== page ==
Cold mint (peppermint)

Mentha piperita L.

The labiatae family is Labiatae, or the hyacinth family is Lamiaceae

What does it look like? Perennial herbaceous plant, very fragrant, 25-80 cm tall. The stem is four-sided, branched, the whole plant is bristly-hairy. The leaves are opposite, short-petiolate, ovate-oblong or lanceolate, sharp, saw-toothed. The flowers are collected in rings in leafless interrupted spike-shaped inflorescences, reddish-purple or whitish-purple. Blooms in June – August.

Where does it grow? Cold mint does not grow in the wild, it is cultivated as an industrial essential oil plant in the forest-steppe regions of Ukraine (with Chernihiv, Kyiv, Sumy, and Poltava regions), and it is also grown in gardens, gardens, and flower beds.

Many types of mint that grow above streams and ditches are used by the people as medicinal plants.

What and when are collected? Stems with leaves or only the leaves themselves before flowering. They dry quickly, but not in the sun.

When is it used? At home, well-ground mint leaves are added to dumplings with cheese – to stimulate and improve digestion, as a carminative and diaphoretic agent, to reduce nausea, as a remedy that helps with stomach and intestinal pains (menthol), with a runny nose, hoarseness, bronchitis, bronchiectasis (disinfects), nervous excitement, hand tremors, angina pectoris (together with valerian causes reflex expansion of coronary vessels). Mint has a choleretic effect, it is recommended for jaundice and gallstones (in addition to menthol 1-2%, the volatile oil also contains menthone, phellandrene, limonene, flavonoids (diosmetin), bitterness, carotene, chlorogenic acid).

Used in the form of tea. Take 1 tablespoon of leaves per 1 glass of boiling water, infuse for 10 minutes and drink 1 glass in the morning and in the evening. In case of indigestion, bad belching, diseases of the liver and gall bladder, 1 tablespoon of a mixture of common sandra grass, cold mint leaves , common celandine grass and brittle buckthorn bark in a ratio of 3:2:4:1 is infused for 20 minutes in 1 cup of boiling water and drink half a glass an hour after a meal.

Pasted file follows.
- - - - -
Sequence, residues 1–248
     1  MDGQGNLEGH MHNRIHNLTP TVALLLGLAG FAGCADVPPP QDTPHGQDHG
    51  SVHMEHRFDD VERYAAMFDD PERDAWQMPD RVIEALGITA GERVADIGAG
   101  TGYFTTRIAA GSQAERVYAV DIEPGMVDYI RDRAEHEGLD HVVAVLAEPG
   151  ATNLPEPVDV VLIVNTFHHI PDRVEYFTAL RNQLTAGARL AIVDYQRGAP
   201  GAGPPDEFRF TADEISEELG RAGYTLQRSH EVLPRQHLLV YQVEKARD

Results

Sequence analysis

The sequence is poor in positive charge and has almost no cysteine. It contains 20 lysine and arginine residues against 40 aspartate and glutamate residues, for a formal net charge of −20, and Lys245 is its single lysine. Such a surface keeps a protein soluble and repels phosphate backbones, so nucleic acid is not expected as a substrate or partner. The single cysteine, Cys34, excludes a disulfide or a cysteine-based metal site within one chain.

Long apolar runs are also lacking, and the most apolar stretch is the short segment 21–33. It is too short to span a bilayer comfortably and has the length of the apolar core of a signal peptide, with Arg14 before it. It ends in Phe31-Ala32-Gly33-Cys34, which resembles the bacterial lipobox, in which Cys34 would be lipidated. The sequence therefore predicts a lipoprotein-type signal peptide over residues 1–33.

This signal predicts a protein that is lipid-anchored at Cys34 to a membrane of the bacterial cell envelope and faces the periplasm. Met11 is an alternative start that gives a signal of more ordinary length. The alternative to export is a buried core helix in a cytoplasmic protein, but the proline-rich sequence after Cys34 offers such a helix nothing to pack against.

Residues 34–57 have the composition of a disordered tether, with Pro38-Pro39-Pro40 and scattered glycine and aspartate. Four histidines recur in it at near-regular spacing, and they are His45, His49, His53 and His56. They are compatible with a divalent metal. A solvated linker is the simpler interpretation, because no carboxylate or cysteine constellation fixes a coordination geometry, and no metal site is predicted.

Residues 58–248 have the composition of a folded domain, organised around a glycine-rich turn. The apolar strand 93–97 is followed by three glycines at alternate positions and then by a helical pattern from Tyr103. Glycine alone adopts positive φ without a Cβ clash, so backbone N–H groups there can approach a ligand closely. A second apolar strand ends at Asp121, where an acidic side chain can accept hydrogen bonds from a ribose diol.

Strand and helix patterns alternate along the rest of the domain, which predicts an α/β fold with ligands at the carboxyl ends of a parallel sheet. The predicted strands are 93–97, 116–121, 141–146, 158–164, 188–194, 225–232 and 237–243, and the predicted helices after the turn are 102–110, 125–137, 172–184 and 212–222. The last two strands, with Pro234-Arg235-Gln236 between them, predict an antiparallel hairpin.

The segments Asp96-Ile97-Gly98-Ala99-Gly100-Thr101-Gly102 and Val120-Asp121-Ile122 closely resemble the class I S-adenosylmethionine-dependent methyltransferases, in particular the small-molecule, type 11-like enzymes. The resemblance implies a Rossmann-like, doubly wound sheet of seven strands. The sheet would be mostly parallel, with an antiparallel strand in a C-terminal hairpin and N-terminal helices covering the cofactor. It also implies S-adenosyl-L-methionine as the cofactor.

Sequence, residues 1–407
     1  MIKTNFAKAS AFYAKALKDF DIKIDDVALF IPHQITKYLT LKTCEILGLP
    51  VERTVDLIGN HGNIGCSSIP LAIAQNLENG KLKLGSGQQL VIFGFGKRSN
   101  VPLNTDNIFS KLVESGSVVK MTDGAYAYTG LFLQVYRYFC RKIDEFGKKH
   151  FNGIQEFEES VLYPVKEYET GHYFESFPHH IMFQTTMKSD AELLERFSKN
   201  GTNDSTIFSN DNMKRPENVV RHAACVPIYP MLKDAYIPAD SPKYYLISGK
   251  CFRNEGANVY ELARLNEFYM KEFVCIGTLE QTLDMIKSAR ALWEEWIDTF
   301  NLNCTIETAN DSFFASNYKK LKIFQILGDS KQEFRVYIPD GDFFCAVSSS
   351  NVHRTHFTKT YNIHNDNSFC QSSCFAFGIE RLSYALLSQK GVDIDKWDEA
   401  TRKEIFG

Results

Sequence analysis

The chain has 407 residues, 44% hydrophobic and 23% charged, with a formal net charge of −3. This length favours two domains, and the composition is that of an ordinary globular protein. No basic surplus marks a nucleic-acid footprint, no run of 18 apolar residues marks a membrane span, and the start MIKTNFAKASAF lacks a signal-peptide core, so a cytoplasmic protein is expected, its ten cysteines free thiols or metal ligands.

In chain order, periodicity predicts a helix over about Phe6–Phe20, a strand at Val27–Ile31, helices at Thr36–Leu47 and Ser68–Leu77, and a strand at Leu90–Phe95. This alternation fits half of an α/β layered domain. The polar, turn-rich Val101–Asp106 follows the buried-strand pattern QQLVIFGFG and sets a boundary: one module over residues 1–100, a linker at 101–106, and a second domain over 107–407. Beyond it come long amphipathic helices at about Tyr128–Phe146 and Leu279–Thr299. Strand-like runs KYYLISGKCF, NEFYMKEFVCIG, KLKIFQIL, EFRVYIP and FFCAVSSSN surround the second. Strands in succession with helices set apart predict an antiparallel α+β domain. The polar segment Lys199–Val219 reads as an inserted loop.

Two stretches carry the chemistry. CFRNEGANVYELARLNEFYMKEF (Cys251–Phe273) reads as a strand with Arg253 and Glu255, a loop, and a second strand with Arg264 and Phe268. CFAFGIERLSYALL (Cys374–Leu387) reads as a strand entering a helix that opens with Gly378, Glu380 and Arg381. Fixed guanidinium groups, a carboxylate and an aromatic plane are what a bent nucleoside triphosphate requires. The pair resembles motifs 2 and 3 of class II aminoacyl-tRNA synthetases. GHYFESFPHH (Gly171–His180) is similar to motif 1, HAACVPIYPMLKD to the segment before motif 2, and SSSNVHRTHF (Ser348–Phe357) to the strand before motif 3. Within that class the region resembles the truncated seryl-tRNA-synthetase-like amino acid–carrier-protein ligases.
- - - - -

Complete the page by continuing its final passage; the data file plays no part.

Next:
As recommended by M. A. Nosal, after bleeding from the lungs and with excessive menstruation, with gastritis with increased gastric acidity without constipation, 2 tablespoons of a mixture of St. John’s wort, cold mint leaves, dill seeds, yarrow flowers, and cowberry grass in a ratio of 10: 5:5:5:1 is steamed for 2 hours in 2 glasses of boiling water, strained and drunk throughout the day, in sips. With catarrh of the stomach with increased acidity and constipation, also 2 tablespoons of a mixture of cold mint leaves , centuria grass, St. John’s wort, heather grass, and brittle buckthorn bark are infused for 8 hours in half a liter of boiling water, strained and drunk in half a glass 4 times a day, an hour after meals. With these diseases, you can take 4 more spoons with the top of a mixture of yarrow flowers, leaves of cold m’, buckthorn bark, St. John’s wort, dried marsh flowers, ergot, chamomile flowers, dill seeds, cumin seeds, valerian root and hop cones in a ratio of 4:4:4:6:3:3:2:2:2:2:1 insist on 1 liter of boiling water overnight in the oven. Drink 1 glass on an empty stomach, drink the rest 4 times during the day, an hour after a meal. Peppermint oil (Oleum Menthae) – 3-5 drops on sugar or water – and potato juice also help with increased acidity (see Edible potatoes).

To some extent, the bitterness and tannic and resinous substances of mint, in particular, a large amount of carotene, also act here.

Instead of infusion, you can use mint drops from mint leaves . 1 part of finely chopped dried mint leaves is poured with 20 parts of 30% alcohol and infused, shaking from time to time, for a whole day. Then squeeze, filter through cotton wool, add 1 part of peppermint oil and use 10 or more drops for diarrhea, intestinal spasms, cuts, poor digestion, nausea, etc. With bloody vomiting, O. P. Popov recommends using 1-2 teaspoons, twice a day, of a decoction of mint in vinegar (20 g per 200 ml of vinegar). Decoction (napar) of mint (also drops) is used for bathing small children, patients with rickets, scrofula and diseases of the gastrointestinal tract.

Compresses of fresh mint leaves on the forehead and temples soothe a headache. Rinse your mouth with a decoction of mint several times a day if you have bad breath.

And also pay attention to the article Peppermint

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